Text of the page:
Simply put, while the CEO makes the ultimate decision;
a Chief Strategy Officer explores alternatives and creates options.
Mid-market Thought Leadership for Technology-enabled Business Services.
Question: Why do most small business owners fail at strategy?
It is well documented that small businesses do fail at strategy: according to the SBA approximately 600,000 small businesses are created every year and less than 1% make it to ten years and $10M in revenues.
Failure is often because of resource constraints (capital and talent), lack of a defined business model and processes, and a shortage of strategic alternatives, or simply put: inappropriate positioning.
A "Chief Strategy Officer" (CSO) can create and enhance all the elements of a relevant strategy resulting in additional strategic alternatives, scenario planning, insuring that there is indeed a direct connection of the strategy elements to the daily execution of the business, and finally the financial forecasting mechanism.
Simply stated: while the CEO makes the ultimate decisions; a CSO explores alternatives and creates options.
The role of the Chief Strategy Officer is not one of "business planning;" as that task is the role of the CFO; while the job of budgeting/forecasting is the role of operating management.
The Chief Strategy Officer functions to focus on exploring strategic alternatives and examining potential acquisitions, alliances, and alternative distribution strategies. CSOs perform primary market research, market intelligence gathering, and market forecasting to ensure that the executive team and Company Board are able to understand implications of various choices in order to make informed decisions. A highly effective CSO facilitates healthy dialogues and facilitating creative tension among executives and the Company's Board.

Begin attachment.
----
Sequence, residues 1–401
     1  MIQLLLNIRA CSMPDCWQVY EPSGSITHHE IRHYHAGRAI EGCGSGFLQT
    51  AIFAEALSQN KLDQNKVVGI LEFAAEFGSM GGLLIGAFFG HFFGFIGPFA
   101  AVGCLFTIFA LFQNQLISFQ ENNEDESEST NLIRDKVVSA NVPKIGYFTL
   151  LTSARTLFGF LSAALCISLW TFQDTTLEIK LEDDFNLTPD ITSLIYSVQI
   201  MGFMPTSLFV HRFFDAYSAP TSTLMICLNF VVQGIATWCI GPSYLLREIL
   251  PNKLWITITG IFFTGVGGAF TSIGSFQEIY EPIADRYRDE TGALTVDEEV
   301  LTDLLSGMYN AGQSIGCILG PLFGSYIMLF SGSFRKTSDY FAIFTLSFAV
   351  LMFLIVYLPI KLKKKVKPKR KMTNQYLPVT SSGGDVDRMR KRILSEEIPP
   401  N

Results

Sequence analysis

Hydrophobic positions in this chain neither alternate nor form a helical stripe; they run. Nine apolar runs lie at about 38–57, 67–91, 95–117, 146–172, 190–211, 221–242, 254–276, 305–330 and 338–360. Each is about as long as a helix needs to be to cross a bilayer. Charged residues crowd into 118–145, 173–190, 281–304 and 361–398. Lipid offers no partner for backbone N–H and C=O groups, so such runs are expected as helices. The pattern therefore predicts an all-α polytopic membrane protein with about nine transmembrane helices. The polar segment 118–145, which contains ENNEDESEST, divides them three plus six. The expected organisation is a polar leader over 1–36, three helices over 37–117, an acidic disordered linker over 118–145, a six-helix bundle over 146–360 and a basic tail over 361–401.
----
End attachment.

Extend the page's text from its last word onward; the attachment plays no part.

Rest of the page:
A Chief Strategy Officer is a consultative role; part leader and part doer, an experienced visionary, an experienced executive with the responsibility of ensuring that execution supports the strategy elements. This unique background takes a multitude of different operating experiences, must include being both a creative thinker and influential collaborator.
A small business by its very nature has limited options: either grow organically, increase the financing structure, partner, merge or sell.
As a business grows and becomes profitable it creates options for itself and the stakeholders such as:
The Chief Strategy Officer activities need not be an internal or dedicated resource, nor even a large fixed cost. Many firms have elected to outsource this role to domain experts, advisory firms, or a dedicated Board member that can bring the experiences, intellectual capital and best of breed processes to the organization.
At Ephor, we have worked with many organizations providing and implementing this function with great success. We strongly urge growth and opportunistic organizations to create this critical function in this changing environment.
Download Ephor Group's article: The Role of the Chief Strategy Officer